Do They Really Know?
My colleague and I were discussing the Intermediate Value Theorem, an important early result in an AP Calculus course. It’s important for both conceptual and procedural reasons: It’s why continuity is useful, and as the first “Value” theorem to appear, it sets the stage for how to invoke these important results. When applying the IVT students need to make sure that the proper conditions are satisfied: Before you can claim a function takes an intermediate value, you must first be sure the function is continuous and the interval is closed. Attending to these details is important.
This is why we were discussing the IVT in the first place. My colleague was assigning a few problems to make sure students were attending to those details. And when I heard this, I panicked. I taught the IVT last week. Did my students know how to attend to all these details? I wasn’t sure.
I wasn’t sure because, when I taught the IVT last week, I couldn’t walk around class and look over the shoulders of my students to see if they asserted that f(x) was continuous. I couldn’t easily eavesdrop and hear if groupmates were holding each other accountable. Determining whether or not students really know is embedded in my teaching routine, but with my routine disrupted, I’ve been teaching blind. And deaf. I threw the IVT out there and hoped for the best.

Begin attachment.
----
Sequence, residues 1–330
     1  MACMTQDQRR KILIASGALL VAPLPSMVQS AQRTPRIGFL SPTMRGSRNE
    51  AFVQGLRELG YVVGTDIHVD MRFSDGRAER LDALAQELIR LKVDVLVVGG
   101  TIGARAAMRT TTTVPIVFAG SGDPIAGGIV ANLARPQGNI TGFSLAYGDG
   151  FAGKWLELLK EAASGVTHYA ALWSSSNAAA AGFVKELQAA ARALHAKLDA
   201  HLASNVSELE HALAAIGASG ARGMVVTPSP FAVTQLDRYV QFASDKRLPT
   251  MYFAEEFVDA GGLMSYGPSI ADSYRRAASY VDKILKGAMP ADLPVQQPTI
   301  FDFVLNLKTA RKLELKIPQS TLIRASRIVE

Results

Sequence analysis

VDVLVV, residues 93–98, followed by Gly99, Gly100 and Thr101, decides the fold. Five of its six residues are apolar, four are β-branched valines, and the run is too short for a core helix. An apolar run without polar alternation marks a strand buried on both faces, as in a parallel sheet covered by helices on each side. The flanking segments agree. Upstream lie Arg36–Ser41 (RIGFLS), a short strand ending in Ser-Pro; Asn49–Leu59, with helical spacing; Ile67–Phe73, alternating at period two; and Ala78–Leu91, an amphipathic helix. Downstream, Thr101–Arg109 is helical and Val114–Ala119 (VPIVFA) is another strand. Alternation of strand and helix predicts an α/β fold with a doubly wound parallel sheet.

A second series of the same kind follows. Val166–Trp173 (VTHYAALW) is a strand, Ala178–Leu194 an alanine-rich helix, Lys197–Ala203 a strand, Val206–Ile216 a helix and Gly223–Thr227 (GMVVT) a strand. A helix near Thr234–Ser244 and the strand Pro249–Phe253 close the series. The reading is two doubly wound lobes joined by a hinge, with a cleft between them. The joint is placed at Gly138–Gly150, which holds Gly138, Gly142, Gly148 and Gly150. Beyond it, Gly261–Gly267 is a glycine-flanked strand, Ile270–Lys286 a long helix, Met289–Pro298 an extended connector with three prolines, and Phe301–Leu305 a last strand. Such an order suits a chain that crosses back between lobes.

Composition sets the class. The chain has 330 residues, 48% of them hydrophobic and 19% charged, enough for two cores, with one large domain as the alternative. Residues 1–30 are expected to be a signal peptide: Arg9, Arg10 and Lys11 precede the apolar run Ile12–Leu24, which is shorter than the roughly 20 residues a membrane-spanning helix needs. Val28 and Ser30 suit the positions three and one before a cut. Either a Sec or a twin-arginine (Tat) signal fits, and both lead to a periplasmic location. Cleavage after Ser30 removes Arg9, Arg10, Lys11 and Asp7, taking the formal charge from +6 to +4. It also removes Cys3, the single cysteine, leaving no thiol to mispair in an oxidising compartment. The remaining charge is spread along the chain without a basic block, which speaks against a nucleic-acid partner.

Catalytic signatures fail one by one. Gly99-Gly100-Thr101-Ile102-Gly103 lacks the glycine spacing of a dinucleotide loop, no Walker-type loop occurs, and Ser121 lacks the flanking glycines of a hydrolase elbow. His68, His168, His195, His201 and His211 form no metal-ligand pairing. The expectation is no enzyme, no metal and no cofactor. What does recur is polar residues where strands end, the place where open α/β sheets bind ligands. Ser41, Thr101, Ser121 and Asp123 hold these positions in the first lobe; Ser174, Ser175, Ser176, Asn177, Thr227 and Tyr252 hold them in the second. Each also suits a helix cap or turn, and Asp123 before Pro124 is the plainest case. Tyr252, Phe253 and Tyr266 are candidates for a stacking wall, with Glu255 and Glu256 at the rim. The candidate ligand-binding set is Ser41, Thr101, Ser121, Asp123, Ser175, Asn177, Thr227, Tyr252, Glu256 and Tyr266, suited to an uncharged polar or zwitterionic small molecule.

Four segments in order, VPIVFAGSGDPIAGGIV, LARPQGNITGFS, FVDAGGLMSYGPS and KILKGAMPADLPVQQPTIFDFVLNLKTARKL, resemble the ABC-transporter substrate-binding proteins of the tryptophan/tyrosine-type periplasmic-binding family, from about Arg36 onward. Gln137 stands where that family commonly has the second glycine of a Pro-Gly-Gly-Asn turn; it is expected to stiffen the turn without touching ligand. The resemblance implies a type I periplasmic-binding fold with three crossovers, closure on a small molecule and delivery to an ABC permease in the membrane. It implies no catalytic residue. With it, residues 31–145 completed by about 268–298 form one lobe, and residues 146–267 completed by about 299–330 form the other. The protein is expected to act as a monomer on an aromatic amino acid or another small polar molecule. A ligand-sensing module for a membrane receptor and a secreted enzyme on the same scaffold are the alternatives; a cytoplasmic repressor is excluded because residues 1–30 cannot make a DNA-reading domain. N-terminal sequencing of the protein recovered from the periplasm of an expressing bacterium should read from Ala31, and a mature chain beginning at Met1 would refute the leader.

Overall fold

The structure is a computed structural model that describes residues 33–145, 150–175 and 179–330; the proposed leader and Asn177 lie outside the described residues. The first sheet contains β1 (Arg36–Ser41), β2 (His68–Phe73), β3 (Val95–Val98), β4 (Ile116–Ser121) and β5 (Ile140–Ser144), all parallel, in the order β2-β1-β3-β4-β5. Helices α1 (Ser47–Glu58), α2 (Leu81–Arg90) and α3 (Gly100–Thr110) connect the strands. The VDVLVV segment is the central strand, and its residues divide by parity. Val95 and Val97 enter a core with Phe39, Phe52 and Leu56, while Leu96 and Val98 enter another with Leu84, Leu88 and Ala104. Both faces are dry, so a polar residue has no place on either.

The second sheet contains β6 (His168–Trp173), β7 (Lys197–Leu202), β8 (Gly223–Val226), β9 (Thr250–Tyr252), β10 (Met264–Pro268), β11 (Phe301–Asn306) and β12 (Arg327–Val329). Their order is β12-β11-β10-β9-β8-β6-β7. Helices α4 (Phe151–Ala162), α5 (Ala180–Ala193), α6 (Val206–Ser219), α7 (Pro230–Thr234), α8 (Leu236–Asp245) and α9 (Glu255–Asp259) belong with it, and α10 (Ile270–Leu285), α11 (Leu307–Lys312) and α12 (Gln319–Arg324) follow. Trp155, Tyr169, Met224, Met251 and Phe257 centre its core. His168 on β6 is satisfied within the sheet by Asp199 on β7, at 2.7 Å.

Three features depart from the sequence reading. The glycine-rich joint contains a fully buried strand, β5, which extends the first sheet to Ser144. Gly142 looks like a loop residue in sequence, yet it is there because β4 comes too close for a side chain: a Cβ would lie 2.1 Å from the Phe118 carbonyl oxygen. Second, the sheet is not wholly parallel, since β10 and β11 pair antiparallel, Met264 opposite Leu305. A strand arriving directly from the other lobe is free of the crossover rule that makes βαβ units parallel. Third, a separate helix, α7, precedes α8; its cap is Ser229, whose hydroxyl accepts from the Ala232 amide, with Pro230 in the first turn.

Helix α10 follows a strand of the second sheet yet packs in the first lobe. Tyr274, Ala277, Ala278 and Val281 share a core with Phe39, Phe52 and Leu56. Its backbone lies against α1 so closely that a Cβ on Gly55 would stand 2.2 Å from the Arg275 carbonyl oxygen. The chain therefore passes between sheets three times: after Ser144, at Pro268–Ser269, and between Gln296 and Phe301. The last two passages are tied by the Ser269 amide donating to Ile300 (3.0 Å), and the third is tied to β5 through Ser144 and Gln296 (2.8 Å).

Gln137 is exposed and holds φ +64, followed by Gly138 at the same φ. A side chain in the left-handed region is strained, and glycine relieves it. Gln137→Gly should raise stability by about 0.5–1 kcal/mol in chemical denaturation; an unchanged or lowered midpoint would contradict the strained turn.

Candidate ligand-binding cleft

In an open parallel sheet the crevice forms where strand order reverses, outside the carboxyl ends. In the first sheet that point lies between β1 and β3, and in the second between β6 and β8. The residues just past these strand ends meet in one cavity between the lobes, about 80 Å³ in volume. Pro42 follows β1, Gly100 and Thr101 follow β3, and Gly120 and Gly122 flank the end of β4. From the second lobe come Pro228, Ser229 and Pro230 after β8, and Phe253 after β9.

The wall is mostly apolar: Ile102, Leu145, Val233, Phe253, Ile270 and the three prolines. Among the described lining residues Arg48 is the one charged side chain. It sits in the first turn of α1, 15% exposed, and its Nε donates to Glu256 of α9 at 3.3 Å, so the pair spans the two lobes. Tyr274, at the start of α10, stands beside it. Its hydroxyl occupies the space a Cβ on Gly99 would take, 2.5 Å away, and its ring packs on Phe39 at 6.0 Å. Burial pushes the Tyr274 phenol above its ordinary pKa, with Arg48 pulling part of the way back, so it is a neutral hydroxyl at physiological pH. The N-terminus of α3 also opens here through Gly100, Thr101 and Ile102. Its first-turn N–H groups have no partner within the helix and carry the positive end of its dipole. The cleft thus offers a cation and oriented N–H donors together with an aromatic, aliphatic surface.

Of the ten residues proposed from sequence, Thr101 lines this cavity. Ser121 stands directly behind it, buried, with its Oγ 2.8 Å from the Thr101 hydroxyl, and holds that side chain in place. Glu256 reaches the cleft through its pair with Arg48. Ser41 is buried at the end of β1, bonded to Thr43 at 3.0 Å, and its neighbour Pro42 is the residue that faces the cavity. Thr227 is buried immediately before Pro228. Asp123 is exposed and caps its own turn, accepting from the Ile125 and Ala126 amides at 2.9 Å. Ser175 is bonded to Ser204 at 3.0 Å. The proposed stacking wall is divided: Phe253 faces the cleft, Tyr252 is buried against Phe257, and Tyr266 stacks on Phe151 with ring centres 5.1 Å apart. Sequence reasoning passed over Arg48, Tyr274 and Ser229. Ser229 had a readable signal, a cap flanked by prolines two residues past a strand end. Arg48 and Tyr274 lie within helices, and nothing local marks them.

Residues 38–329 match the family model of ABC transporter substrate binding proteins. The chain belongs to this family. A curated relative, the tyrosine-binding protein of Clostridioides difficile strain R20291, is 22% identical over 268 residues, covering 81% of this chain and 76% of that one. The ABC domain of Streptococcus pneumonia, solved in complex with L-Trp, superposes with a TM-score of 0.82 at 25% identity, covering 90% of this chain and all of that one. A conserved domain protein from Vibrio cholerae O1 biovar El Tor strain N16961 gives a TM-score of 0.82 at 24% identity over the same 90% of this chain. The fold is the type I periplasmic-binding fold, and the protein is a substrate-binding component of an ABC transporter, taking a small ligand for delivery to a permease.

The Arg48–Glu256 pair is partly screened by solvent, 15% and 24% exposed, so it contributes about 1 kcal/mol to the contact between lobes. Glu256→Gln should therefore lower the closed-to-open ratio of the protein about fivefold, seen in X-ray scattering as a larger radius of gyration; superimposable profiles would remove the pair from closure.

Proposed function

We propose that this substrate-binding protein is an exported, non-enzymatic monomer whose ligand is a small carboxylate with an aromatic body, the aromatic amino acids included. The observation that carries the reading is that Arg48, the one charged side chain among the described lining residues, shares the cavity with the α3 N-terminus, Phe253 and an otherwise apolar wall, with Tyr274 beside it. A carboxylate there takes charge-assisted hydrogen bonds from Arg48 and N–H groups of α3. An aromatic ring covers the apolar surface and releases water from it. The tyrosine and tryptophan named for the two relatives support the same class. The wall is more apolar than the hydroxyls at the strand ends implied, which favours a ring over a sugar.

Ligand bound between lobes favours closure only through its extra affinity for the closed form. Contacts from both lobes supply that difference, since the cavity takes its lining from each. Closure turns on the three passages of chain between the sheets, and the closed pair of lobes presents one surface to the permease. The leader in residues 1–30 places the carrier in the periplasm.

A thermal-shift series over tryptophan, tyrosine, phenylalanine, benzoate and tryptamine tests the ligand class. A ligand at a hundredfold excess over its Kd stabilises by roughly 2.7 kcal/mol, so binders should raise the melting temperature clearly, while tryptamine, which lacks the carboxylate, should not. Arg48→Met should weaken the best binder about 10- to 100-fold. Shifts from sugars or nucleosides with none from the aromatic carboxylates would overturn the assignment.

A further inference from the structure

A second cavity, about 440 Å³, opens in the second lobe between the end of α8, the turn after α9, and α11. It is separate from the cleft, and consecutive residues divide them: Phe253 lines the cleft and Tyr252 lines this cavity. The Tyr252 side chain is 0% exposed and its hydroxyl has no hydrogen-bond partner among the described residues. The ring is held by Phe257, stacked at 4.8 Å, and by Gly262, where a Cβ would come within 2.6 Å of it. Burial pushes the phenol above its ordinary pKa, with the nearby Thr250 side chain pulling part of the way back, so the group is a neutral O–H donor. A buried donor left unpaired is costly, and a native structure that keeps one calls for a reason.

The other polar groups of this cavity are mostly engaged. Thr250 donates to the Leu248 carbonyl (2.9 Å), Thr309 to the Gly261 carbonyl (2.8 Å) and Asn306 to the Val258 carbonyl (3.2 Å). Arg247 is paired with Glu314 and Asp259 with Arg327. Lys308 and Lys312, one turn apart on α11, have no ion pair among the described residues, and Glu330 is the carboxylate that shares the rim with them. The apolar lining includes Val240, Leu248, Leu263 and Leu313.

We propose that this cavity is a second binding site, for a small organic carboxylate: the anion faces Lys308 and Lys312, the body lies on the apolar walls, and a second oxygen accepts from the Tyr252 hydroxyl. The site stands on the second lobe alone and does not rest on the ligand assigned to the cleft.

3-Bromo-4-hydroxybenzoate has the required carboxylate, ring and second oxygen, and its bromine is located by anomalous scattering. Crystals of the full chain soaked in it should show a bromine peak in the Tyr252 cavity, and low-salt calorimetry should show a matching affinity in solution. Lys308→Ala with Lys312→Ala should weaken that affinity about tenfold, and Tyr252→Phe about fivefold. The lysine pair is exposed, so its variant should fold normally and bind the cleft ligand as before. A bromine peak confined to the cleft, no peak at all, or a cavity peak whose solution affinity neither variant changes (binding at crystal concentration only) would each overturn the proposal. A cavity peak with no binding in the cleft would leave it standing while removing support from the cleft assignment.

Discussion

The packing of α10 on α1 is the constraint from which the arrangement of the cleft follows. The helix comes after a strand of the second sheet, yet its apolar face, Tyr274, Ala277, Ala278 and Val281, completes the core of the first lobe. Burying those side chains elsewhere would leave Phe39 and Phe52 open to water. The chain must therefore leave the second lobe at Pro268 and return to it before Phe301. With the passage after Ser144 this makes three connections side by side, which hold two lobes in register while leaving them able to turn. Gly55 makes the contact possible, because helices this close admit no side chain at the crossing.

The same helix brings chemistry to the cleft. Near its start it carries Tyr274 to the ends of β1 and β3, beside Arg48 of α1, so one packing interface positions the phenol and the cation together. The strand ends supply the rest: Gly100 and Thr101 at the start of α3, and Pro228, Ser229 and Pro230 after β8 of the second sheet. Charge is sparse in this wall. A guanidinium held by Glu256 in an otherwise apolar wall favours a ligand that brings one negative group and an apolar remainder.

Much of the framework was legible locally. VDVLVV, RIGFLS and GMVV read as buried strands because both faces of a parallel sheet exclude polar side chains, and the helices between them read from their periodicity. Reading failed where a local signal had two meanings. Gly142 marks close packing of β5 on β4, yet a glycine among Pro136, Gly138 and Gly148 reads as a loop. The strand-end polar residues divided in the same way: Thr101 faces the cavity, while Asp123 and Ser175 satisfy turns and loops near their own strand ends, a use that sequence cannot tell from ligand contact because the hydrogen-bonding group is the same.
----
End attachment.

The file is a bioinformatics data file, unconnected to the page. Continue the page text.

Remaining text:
The solution was simple enough: Put an IVT problem on my next take-home assessment and make sure they know what they’re doing. But this scared me a little bit. “Do they really know?” is perhaps the most important question a teacher must ask. Overwhelmed by the many challenges of remote / hybrid learning, I haven’t been asking it enough. It’s another routine I have to rebuild.